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Dun Laoghaire Sport

Cian O’Callaghan prepares for the very biggest of their “biggest games in the club’s history” with the All-Ireland club final on St Patrick’s Day
 
Cuala’s Cian O’Callaghan stands in the shadow of Croke Park ahead of Friday’s All-Ireland final. Picture: Ramsey Cardy/Sportsfile

AS CUALA prepare for a fourth consecutive “biggest game in the club’s history” – and Friday’s is the very biggest – Cian O’Callaghan has recalled the Dalkey side’s tough journey to the St Patrick’s Day hurling finale.
Looking back, he spoke of the jealousy he felt towards local rivals Kilmacud Crokes when they travelled to Croke Park years ago for the football final.
Cuala’s All-Ireland final is a reflection of the startling progress at the club, and will represent a first ever appearance for a Dublin side for a St Patrick’s Day hurling contest.
Their opponents, Ballyea from County Clare, will also be appearing in the showcase for the very first time.
Having spent his school years at Colaiste Eoin, O’Callaghan had watched rivals Crokes disappear off for footballing contests during their 2008/09 win, and recalls: “All of my friends were going on these journeys throughout the country, heading off, just having the craic, brilliant days out.”
Now O’Callaghan’s little brother follows Cian and sibling Con around as part of the increasingly raucous Cuala ‘ultras’.
In a way, Croke Park will represent a homecoming for Cuala, who haven’t set foot in Dublin in a championship contest since they scraped past Crokes in the county final back in October.
O’Callaghan explained how tough the journey’s been: “There have been times when we really have had to dig our feet into the ground, to come up with tough answers and to ask hard questions,” he said.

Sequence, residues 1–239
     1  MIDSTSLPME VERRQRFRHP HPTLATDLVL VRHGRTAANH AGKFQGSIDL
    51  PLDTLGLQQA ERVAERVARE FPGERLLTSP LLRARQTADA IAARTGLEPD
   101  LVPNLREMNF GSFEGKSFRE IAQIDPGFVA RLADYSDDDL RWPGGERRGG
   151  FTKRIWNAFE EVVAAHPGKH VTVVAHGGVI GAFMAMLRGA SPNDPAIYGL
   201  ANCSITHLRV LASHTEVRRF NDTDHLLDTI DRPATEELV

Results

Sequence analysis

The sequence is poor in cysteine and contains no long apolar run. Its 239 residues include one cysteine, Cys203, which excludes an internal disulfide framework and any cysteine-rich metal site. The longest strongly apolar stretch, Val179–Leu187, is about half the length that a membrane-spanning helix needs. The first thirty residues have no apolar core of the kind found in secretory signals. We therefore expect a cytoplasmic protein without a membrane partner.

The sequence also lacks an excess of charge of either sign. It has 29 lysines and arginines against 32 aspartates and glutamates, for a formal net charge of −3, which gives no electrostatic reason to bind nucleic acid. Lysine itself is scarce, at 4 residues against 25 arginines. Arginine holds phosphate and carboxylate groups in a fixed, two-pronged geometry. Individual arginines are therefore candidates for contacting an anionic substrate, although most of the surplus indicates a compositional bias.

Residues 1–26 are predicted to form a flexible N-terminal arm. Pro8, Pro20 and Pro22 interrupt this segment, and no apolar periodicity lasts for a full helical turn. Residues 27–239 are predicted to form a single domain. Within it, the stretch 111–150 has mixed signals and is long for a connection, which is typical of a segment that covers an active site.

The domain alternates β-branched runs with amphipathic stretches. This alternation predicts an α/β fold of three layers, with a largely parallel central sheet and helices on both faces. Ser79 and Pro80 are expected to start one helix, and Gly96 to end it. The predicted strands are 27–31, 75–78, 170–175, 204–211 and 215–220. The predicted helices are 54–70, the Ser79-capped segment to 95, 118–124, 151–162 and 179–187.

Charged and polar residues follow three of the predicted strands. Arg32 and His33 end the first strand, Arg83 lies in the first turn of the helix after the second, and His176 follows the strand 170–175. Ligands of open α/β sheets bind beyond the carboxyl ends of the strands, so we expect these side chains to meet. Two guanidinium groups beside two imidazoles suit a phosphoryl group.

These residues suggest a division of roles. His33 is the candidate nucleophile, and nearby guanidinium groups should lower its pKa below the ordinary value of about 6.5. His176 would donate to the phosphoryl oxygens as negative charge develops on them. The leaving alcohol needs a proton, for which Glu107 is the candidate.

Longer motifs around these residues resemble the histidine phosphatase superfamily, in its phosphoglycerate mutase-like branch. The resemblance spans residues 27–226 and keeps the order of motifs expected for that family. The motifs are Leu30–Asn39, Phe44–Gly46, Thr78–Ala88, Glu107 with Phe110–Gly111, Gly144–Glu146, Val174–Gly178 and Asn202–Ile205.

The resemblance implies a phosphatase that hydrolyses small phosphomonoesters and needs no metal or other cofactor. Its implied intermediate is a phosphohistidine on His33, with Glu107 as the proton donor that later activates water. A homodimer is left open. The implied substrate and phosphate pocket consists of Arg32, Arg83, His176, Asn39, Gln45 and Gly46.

“This is an incredibly hard competition to win. At inter-county level, you could possibly win four or five matches and you’d be the champions. Here, you have to come through Dublin and Leinster. You might have 15 matches behind you before you get to Croke Park.”
O’Callaghan also outlined what he’s expecting from the Clare side, anticipating “ferocious intensity and savage work-rate”.
“They are a team from one to 25 and obviously have a few match winners as well like Tony Kelly, Niall Deasy and Gary Brennan. They have come through a lot this year, especially in the Clare championship and against Thurles. They have won a lot of very close matches so they really are a battle-hardened team.”
Oddly, the two panels will feature brothers lining out on opposing sides. Niall Keane is a former Clare under-21 player who joined Cuala on relocating to Dublin last year, and will be glancing over at brother Aonghus on the Ballyea panel. Both, though, are unlikely to start.
Cuala know that for all their success in getting to Friday’s contest, they’re yet to face their truly defining moment.
For 60 minutes on St Patrick’s Day, they will have the chance to make their mark on the sport’s history, and bring a senior hurling title to the capital for the first time since Dublin won Liam McCarthy way back in 1938.

  One Response to “Cuala’s toughest test yet”

  1. Win, draw or lose on St Patrick’s Day we all all so proud of Cuala and the clubs achievements. – Senator Victor Boyhan

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